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Carillion collapse thrusts pension provision to the fore

10:29, 19 January 2018

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The collapse of outsourcing provider Carillion has put the question of pension provision firmly in the spotlight. Carillion's significant pension liabilities which will be absorbed into the UK's pension fund lifeboat (more properly known as the Pension Protection Fund).

This will be financially disruptive for pensioners and employees who will inevitably see their income reduced, now and in the future. Carillion's scheme was in deficit by an amount ranging from £587m to as much as £1bn, depending on how the calculations are made.

Knock-down price wins

Steve Webb, director of policy and external communications at Royal London and a former UK government pensions minister, says that what seems to be emerging is a company that ‘won’ contracts at knock-down prices that were always going to be a challenge commercially and then arguably didn’t manage them well so even the limited margin that was available was squeezed out.

“They seem to have limped on for a while partly by delaying paying their creditors,” he says. “There are also issues emerging about the bonus policy (a rather strange decision in 2016 which seems to have revoked the ability of the company to claw back bonuses in the event of an insolvency - it’s almost like they knew what was coming!).

“I’ve highlighted their boast that they boosted their dividend for each of the 16 years they were in business and yet the pension scheme deficit was allowed to balloon.”

sir steve webbSir Steve Webb, courtesy of Royal London

In good company

In this respect, Carillion finds itself in some good company. The most recent figures produced by the Pension Protection Fund, commonly referred to as the UK's pensions lifeboat, show that:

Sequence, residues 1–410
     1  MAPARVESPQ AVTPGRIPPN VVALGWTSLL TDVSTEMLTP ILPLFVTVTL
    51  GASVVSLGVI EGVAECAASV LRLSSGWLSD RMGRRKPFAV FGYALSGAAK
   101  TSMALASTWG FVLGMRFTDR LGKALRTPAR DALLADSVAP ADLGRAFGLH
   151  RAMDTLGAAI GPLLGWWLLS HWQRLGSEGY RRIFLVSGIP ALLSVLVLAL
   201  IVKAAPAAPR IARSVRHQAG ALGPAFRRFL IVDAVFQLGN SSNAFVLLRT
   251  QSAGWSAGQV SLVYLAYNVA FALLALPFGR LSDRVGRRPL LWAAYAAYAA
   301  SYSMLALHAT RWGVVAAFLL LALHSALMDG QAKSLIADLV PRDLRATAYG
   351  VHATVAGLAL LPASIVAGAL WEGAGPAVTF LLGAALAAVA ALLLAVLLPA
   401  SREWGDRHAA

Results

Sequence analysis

• There were 3,710 schemes in deficit
  • There were only 1,878 schemes in surplus
  • The aggregate deficit of the 5,588 schemes in the PPF 7800 Index is estimated to have increased over the month to £103.8bn at the end of December 2017, from a deficit of £87.6bn at the end of November 2017
  • The funding ratio decreased from 94.7% at end of November 2017 to 93.9%
  • Total assets were £1,589.5bn and total liabilities were £1,693.3bn

JLT figures confirm trends

JLT Employee Benefits, part of the Jardine Thompson Group, one of the UK’s leading employee benefit providers and administrator for Carillion’s pension schemes, produces its own figures. These differ in some detail from those of the PPF but confirm the broad trends.

When approached for comment, it pointed out that it has a clear conflict of interest in terms of helping the press. It did, though, very helpfully draw attention to its latest report, published just this month, on the FTSE100 pension situation.

These figures show that the total deficit in FTSE 100 pension schemes at 31 March 2017 is estimated to be £56 billion. This is a deterioration of £9 billion from the position 12 months ago, it says.

Including all pension arrangements, both UK and overseas, whether funded or unfunded, the FTSE 100 companies with the best- funded pension schemes overall were as follows:



Assets £m

Liabilities £m

Surplus / (De cit) £m

Funding Level

Royal Mail Group






Standard Life






Old Mutual












Rentokil Initial












Direct Line Insurance












Royal Bank of Scotland






Marks & Spencer






Source: JLT Group

The FTSE 100 companies with the worst funded pension schemes overall were as follows:



Assets £m

Liabilities £m

Surplus / (De cit) £m

Funding Level

























Sage Group


















Micro Focus International


















Source: JLT Group

Deficits not a new phenomenon

Pension fund deficits are not a new phenomenon but have arguably been taken too lightly in the past. Suggestions that BT is in effect a giant pension fund with a telecoms business attached or that BA is a fund with an airline attached have traditionally been made in jest.

Recent developments, including the BhS and Tata/Corus transfers to the UK's PPF, and now Carillion's series of unfortunate events, have created a more sombre atmosphere.

They demonstrate that the pension funding question has become a major item in a company's affairs that can no longer be swept under the carpet in the hope that it will somehow resolve itself. It must be taken more seriously.

Pensions pose a material risk

There are a significant number of FTSE 100 companies where the pension scheme represents a material risk to the business, says JLT Group. It calculates that FTSE 100 companies have total disclosed pension liabilities greater than their equity market value.

For International Airlines Group, BT and Sainsbury, total disclosed pension liabilities are around double their equity market value. Only 26 companies disclosed a pension surplus in their most recent annual report and accounts; 63 companies disclosed pension deficits.